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The Innovation Process
All Enabling Factors

Access and manage financial resources

Many innovations can be started up using volunteers, with people working extra hours on projects they are passionate about; partnerships can be leveraged, and favours called upon; supplies and materials begged-for and borrowed.

In the early days of an innovation, all these things point to a tenacious and passionate innovator and innovation team. However, at some point real money is needed, and the further you go along the journey, the more of it is required. Our research with ALNAP (Obrecht and Warner, 2016) found that access to flexible funding was absolutely key to the success of the projects we’ve supported.

Wherever possible, try and access this from within your organisation as this will provide you with the most flexibility and control. However, if this isn’t possible, you will be glad to hear that funding for innovation is undergoing significant growth. From just a few funders in 2013, our recent research found that there were at least 171 innovation funders in the humanitarian sector in 2017.

Look for flexible innovation funding

Funding for innovation comes in different shapes and sizes, but is generally defined by the stage of the innovation and the level of direction:

  • Staged funding: most innovation funding is related to a stage of the innovation process. Although funds often use different terms, most funding tends to be aimed at the ‘invent’ and ‘pilot’ stages of the innovation process, with a smaller number of funders, including the HIF’s Accelerating the Journey to Scale initiative, focusing on maximising impact at ‘scale’. Funding for early-stage ‘recognition’ activities can be more difficult to find and may be more likely to come from research funders.
  • Directed vs non-directed funding: while funding is sometimes available without restrictions on the theme and type of project, most funding is ‘directed’. This often comes in the form of innovation ‘challenges’ where a problem has already been identified and applicants are invited to propose and develop their solutions.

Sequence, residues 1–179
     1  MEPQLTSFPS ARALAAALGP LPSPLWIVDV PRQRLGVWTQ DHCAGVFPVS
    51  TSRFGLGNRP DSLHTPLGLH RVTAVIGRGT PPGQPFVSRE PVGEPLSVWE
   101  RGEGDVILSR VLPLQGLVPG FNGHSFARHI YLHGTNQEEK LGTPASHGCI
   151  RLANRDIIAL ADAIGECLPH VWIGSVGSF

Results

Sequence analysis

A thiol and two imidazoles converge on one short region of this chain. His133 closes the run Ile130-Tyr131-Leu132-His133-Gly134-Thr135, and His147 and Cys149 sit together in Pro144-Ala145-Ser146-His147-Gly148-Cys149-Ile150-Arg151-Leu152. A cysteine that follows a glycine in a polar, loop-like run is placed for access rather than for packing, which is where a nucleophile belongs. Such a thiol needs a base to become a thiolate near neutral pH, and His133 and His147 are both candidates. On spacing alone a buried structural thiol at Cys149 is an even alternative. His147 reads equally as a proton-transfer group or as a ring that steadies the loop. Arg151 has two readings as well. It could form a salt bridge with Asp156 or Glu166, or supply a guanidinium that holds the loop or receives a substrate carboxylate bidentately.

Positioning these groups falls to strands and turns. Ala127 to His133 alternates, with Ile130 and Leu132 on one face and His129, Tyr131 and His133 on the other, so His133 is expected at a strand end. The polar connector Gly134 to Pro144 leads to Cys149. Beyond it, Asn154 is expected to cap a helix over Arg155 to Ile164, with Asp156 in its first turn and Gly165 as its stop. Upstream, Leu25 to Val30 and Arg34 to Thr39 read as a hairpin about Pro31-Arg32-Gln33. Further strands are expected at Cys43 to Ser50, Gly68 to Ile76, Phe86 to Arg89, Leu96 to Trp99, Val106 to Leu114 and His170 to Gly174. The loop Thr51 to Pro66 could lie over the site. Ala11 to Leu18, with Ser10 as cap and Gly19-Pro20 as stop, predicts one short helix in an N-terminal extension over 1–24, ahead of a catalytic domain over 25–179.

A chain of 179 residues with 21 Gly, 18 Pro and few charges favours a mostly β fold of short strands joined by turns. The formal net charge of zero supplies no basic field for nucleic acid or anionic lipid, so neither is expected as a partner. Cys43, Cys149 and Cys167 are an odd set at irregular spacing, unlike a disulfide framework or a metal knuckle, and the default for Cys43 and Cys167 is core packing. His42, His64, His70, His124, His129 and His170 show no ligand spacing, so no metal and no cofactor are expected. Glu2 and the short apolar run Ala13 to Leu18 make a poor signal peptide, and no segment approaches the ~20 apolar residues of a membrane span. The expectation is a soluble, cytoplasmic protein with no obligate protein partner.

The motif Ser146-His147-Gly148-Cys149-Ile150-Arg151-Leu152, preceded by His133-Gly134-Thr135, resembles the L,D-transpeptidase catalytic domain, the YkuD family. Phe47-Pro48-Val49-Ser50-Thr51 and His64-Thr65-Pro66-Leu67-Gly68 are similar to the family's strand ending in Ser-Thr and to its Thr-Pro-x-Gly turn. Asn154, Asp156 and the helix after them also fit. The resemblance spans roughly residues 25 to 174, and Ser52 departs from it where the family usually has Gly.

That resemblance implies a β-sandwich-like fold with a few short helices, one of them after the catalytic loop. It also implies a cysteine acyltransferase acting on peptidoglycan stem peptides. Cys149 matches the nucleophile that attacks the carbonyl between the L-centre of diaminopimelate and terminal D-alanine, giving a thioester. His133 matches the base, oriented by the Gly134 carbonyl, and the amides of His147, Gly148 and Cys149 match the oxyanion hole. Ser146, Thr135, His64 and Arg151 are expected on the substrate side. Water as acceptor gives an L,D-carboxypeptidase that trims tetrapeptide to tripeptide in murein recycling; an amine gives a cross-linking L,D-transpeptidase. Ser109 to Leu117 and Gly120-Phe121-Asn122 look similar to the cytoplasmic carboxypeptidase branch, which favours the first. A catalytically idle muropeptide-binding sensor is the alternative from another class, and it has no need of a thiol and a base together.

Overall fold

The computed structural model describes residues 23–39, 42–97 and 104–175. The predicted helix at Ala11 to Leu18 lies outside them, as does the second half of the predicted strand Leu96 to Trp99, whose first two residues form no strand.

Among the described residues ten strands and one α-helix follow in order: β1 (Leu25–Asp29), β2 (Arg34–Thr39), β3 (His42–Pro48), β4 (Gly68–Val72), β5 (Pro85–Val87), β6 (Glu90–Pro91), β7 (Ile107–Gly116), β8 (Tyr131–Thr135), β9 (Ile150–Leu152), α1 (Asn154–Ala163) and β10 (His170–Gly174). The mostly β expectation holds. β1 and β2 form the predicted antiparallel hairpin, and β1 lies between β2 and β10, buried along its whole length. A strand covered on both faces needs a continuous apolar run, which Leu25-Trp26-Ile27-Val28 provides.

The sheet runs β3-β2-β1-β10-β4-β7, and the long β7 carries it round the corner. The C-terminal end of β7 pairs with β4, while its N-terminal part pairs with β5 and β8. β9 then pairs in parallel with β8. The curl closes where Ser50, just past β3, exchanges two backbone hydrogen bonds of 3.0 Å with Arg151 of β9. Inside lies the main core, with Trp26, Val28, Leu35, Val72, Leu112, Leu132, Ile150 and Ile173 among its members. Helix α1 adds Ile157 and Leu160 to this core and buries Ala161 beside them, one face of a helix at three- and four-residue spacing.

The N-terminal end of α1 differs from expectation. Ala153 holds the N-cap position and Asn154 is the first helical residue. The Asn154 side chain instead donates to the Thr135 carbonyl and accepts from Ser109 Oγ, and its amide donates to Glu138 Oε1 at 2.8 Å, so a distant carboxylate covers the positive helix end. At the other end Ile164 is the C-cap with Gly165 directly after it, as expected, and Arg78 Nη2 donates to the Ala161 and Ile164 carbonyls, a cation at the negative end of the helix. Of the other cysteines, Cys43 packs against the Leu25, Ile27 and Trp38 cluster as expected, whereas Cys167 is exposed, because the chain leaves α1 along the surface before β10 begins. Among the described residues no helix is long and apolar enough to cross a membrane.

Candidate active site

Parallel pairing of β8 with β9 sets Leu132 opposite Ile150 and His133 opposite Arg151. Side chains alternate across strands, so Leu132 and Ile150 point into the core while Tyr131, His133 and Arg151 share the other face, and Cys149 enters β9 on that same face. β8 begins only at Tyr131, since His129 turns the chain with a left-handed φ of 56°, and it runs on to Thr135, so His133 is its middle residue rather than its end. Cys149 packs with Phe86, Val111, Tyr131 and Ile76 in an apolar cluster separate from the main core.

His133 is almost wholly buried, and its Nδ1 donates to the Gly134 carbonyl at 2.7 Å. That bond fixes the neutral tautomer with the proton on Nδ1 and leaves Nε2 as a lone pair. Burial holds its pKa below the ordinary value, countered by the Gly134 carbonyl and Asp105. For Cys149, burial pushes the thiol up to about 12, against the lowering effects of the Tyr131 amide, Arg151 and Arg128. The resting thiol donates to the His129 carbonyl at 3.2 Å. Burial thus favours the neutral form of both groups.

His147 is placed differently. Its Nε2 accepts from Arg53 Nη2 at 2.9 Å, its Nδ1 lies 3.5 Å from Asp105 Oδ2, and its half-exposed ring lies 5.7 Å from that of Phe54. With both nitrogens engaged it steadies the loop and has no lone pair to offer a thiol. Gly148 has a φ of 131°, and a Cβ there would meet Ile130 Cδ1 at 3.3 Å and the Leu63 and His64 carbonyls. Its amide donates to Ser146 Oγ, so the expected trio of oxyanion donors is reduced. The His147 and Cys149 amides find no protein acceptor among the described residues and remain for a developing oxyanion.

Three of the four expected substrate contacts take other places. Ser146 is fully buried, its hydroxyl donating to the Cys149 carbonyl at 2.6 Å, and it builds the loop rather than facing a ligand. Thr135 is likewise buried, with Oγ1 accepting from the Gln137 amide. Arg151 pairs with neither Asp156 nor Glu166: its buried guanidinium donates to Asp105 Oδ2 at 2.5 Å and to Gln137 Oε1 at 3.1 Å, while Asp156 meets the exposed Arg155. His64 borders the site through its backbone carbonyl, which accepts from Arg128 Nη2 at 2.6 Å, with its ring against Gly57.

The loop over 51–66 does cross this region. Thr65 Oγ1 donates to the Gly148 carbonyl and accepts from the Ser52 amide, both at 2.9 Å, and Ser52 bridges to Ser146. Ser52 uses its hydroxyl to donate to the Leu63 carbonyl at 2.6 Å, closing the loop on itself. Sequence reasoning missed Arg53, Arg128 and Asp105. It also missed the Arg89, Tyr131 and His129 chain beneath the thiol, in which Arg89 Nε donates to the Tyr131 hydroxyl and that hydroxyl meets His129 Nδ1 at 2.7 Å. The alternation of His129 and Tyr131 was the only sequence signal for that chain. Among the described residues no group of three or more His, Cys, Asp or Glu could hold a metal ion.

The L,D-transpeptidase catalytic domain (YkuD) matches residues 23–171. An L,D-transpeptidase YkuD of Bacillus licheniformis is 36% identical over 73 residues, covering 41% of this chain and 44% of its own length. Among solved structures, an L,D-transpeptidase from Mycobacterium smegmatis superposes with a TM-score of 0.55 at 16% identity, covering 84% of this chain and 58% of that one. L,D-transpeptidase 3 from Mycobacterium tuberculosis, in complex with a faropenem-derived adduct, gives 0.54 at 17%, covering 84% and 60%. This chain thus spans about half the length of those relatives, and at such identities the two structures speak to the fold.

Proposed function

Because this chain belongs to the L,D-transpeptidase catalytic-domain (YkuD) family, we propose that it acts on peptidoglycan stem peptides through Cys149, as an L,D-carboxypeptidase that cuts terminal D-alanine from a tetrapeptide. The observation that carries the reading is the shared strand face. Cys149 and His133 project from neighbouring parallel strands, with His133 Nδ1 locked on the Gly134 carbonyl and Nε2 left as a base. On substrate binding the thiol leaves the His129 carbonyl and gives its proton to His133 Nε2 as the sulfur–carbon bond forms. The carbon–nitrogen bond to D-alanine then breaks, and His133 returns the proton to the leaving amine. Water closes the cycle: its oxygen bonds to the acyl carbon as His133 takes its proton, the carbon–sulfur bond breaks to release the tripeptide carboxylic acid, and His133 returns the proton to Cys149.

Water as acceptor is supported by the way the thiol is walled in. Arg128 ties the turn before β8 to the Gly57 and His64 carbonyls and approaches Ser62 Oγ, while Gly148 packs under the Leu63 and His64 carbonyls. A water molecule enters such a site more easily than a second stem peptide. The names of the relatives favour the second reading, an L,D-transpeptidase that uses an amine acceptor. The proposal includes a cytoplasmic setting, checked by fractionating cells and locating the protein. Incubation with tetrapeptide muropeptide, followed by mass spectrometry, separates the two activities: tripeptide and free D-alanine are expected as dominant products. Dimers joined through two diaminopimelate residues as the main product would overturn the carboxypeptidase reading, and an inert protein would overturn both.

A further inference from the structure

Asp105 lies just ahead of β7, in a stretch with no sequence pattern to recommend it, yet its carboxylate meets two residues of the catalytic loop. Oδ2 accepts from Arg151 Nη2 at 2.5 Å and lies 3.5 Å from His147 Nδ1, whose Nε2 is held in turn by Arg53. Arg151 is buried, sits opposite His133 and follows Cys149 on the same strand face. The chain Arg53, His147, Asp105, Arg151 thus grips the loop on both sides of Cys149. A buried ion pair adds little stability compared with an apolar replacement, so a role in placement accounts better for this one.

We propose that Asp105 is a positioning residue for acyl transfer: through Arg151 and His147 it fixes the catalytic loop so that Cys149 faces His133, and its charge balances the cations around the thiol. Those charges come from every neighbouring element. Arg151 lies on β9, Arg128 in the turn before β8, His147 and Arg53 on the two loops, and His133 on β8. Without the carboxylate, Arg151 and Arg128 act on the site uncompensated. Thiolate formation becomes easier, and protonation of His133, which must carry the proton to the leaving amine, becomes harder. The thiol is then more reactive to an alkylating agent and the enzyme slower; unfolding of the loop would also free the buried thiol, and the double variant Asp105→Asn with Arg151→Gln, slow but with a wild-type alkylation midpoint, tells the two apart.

When looking to apply for funding, you should consider the following questions:

  • Will they provide funding for core costs, and not just project implementation?
  • How flexible are the funds in how they can be used?
  • How much will they allow for research, monitoring and evaluation to help build the evidence base for your innovation?
  • Do they provide support other than funding, such as mentoring or partnership brokering?
  • Will they be able to advocate on your behalf with other funders and potential adopters of the innovation?

Here’s a small selection of innovation funders in the development and humanitarian sectors.

Consider emergency response funding where appropriate

While innovation-specific funding is much more likely to provide the flexibility and tolerance for financial risk that is necessary for developing and testing innovations, if you are seeking to pilot an innovation in an emergency, or to replicate an innovation that is already supported by evidence, you may be able to access resources from emergency response funds.

After diaspora remittances, (ie, payments from people abroad back to friends, family, etc, in disaster-affected countries), the second-most significant source of funding for emergency response is institutional donors. To access these funds, it is important to understand how funding is raised and allocated. You can find out more in the Humanitarian Architecture section of this guide.

Manage your budget carefully

Lastly, four key lessons on budgeting:

  1. Ensure you budget sufficiently for the core team. This is not a business-as-usual grant: you need to build the team’s strength and capacities to be able to manage the innovation journey.
  2. Ensure significant investment beyond your estimation of needs for the Pilot stage. You will need a contingency fund to enable changes and iterations, as well as budget for research, monitoring and evaluation.
  3. Build in as much flexibility into your funding request as you can. The innovation project will need to change direction on numerous occasions as you learn. Every dollar, pound or euro is not of the same value to you – the more flexible the funding, the more value it has.
  4. Get support within your organisation in order to carve out extra time and resources for innovation activities.